One of the biggest advantages of Microsoft's Xbox One is that gamers are not locked into playing only Xbox One games. Through its backwards compatibility feature, Microsoft allows playback of hundreds of Xbox 360 games, meaning those titles sitting on the shelf are not going to rot if a user's actual Xbox 360 console dies.
As cool as that feature is, it's just the tip of the iceberg of what the Xbox One can do. While it's not entirely intuitive, users can install custom software to allow them to play games from other consoles, including Game Boy Advance, PSP, Nintendo 64, and even the original PSone. Soon, Sega's Dreamcast is going to be added to that list.
We can forgive you if you didn't even realize that unsupported emulation on the Xbox One was supported. It's supported even without "rooting" your console; all you need to do is sign up for a developer account, switch an Xbox One to developer mode, and then sideload the custom software. Ultimately, the process of installation seems little different from installing emulators on Android, although since Google actually does allow emulators to be sold on its Play Store, that removes a few steps.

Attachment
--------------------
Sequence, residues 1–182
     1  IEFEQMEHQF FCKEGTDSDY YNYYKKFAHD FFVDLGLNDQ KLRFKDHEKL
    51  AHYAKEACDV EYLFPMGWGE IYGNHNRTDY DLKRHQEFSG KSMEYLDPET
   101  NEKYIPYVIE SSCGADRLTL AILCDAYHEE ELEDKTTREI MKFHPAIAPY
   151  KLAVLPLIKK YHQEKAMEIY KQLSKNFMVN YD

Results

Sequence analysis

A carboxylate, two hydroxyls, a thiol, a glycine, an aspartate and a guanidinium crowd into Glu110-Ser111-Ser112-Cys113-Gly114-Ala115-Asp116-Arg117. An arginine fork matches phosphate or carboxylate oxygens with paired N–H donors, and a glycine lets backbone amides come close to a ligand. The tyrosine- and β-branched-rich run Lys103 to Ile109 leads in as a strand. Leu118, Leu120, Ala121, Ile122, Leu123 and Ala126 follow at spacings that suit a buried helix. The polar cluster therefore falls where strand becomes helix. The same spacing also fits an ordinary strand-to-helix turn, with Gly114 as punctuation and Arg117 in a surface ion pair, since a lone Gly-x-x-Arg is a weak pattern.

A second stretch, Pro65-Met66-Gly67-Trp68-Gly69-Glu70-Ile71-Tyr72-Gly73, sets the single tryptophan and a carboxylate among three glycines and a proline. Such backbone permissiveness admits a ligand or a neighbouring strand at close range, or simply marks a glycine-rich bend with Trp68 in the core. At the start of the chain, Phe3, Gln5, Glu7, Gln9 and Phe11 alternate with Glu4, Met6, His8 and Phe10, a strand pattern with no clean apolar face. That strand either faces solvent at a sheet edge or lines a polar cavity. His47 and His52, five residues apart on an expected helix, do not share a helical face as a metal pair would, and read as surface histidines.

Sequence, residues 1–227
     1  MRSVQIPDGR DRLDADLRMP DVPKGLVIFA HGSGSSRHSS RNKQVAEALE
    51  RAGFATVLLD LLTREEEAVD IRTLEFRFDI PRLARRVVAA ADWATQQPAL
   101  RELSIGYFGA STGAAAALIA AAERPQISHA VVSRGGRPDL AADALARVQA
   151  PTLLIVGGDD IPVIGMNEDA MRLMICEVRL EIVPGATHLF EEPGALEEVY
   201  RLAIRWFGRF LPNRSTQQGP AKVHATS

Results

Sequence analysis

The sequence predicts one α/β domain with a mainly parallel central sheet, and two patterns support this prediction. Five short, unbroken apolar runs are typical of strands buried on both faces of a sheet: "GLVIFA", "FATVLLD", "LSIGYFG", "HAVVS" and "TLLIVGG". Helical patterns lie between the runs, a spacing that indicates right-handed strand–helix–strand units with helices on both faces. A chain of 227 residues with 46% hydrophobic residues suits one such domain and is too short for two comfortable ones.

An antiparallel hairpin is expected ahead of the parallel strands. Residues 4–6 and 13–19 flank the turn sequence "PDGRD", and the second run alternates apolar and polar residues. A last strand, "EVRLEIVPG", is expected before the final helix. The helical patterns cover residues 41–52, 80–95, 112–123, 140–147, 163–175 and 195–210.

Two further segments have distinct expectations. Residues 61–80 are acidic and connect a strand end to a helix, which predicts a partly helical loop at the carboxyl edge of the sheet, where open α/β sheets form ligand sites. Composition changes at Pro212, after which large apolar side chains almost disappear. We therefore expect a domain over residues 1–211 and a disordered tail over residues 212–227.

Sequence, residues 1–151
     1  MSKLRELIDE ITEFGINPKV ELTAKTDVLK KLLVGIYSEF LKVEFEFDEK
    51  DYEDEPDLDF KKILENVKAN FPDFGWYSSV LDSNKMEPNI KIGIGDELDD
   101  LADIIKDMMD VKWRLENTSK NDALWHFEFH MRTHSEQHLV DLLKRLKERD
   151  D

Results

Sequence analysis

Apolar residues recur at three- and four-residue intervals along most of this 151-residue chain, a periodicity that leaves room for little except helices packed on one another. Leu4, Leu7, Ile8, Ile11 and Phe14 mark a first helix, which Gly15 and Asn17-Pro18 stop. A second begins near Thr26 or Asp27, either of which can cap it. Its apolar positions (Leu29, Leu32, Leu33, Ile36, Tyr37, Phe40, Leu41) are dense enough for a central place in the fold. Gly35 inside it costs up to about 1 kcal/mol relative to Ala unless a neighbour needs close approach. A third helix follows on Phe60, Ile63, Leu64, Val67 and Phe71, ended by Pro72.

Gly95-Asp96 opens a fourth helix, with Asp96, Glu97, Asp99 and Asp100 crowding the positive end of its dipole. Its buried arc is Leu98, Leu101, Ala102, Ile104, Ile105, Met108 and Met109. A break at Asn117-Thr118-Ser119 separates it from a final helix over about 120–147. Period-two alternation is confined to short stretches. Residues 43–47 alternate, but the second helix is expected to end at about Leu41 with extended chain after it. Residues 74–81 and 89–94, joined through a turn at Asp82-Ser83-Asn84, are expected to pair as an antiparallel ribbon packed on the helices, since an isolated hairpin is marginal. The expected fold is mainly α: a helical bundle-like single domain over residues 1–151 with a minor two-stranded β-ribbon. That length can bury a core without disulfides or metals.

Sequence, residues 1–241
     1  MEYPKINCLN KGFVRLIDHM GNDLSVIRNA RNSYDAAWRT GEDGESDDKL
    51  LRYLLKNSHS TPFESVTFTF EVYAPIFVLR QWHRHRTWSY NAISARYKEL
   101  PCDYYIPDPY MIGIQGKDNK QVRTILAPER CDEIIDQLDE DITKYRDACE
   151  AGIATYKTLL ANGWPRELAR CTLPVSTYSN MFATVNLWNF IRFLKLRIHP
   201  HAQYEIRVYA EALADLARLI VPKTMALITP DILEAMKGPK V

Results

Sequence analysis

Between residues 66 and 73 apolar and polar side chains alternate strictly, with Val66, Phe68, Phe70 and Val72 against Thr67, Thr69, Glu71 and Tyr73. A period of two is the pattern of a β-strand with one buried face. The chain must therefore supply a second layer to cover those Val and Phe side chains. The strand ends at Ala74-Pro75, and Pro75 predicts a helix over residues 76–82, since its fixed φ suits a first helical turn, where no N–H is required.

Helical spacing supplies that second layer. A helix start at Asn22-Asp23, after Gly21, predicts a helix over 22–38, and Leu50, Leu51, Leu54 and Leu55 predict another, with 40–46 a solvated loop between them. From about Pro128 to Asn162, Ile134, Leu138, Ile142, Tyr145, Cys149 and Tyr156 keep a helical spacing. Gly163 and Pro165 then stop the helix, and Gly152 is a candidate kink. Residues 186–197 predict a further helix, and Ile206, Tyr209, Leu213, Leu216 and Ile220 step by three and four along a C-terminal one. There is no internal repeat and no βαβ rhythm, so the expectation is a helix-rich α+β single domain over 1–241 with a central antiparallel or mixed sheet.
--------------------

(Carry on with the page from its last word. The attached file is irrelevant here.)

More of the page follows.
Due out this summer, WinDCe10 is going to be made available for free, although donations are welcomed by the developers to expedite the development process. It's not clear which emulation base this particular emulator uses, but it'd likely be either nullDC or DEMUL, both of which are solid solutions. Once the forthcoming emulator is installed, users will need to provide their own games, likely through ISOs rather than the real discs.
Like all good emulators, this one will support save and load states, and won't have a region lock (that will likely be controlled by the chosen BIOS). It'll also feature different A/V options, as well as turbo mode. Let's hope it also supports the Dreamcast's exotic VMU memory cards, as those are a big charm of the system. Online support sure wouldn't hurt, either!